Literary Cycling and Its Importance in the Accounts of Joseph and Elizabeth Robins Pennell 
Orkun KOCABIYIK
Akdeniz University, Turkey

Abstract: Elizabeth Robins Pennell and Joseph Pennell were an important couple whose Our Sentimental Journey through France and Italy (1893) and A Canterbury Pilgrimage (1887) are both about their cycling experience. While the former text is a dedication to Laurence Sterne, the latter one can be considered as the glorification of Geoffrey Chaucer, as one can clearly notice from its title. Although the bicycle was a relatively new technological development among the nineteenth-century transportation innovations, cycling and the bicycle were adopted by the society swiftly and took place as an aesthetic activity. With this aesthetic feature, in fact, this modern machine was accepted as the ideal vehicle for nostalgic travel. In this respect, Our Sentimental Journey and A Canterbury Pilgrimage can both also be read as the texts that give way to this recent invention to be perceived as a liberating vehicle; for it gave the first taste of freedom not only to working-class and middle-class people, but also to young British women such as Elizabeth Pennell herself. Considering this reciprocal relation of the two fin de siècle trends of literary travel and cycle travel, including the above-mentioned texts of the Pennells, this paper argues that cycling both enhanced and complicated the experience of literary travel for the Pennells throughout their different itineraries.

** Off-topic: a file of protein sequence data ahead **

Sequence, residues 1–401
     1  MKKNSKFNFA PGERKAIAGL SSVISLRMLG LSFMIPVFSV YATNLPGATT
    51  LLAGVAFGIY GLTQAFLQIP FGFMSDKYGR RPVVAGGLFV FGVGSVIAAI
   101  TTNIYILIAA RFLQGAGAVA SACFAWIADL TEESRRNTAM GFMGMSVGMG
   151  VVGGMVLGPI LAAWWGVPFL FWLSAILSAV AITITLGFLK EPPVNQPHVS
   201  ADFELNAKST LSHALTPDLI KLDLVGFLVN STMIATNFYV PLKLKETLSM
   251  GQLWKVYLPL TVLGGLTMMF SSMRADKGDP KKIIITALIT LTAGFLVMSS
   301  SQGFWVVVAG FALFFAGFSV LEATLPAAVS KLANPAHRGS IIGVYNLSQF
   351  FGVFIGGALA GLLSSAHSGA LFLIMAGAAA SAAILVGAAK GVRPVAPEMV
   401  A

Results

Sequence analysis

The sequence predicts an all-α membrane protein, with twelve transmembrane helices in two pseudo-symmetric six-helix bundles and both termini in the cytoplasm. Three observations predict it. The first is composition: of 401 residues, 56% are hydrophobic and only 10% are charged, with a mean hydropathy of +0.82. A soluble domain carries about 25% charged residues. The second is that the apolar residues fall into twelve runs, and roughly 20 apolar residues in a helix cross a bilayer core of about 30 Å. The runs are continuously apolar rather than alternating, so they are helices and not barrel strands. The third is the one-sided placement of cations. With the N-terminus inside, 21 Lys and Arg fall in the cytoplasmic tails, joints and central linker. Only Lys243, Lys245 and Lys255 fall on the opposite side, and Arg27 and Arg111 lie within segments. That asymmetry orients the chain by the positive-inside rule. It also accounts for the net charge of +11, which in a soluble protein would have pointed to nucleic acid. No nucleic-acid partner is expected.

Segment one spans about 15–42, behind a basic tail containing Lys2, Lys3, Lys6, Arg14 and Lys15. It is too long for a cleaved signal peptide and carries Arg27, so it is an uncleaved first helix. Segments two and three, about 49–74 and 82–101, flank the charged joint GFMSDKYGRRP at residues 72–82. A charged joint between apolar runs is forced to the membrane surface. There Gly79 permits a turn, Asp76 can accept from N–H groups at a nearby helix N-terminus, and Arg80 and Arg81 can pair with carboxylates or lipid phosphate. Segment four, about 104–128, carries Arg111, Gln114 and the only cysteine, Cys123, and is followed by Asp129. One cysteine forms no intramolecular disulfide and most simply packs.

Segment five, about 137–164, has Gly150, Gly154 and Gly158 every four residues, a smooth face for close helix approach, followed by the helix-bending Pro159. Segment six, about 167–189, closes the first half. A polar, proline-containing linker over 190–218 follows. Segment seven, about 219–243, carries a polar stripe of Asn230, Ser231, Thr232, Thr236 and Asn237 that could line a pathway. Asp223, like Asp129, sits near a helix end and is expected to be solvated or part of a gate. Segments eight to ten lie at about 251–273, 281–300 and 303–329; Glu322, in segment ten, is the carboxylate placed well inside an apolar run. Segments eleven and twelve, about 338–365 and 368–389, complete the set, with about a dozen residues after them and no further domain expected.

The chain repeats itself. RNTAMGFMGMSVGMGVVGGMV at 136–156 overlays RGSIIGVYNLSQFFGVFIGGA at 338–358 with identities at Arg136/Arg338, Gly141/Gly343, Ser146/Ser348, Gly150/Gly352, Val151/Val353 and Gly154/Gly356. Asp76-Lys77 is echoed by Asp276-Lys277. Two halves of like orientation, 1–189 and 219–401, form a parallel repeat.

Keywords: Cycling, Pennells, Fin de siècle, Travel, Sentimentalism

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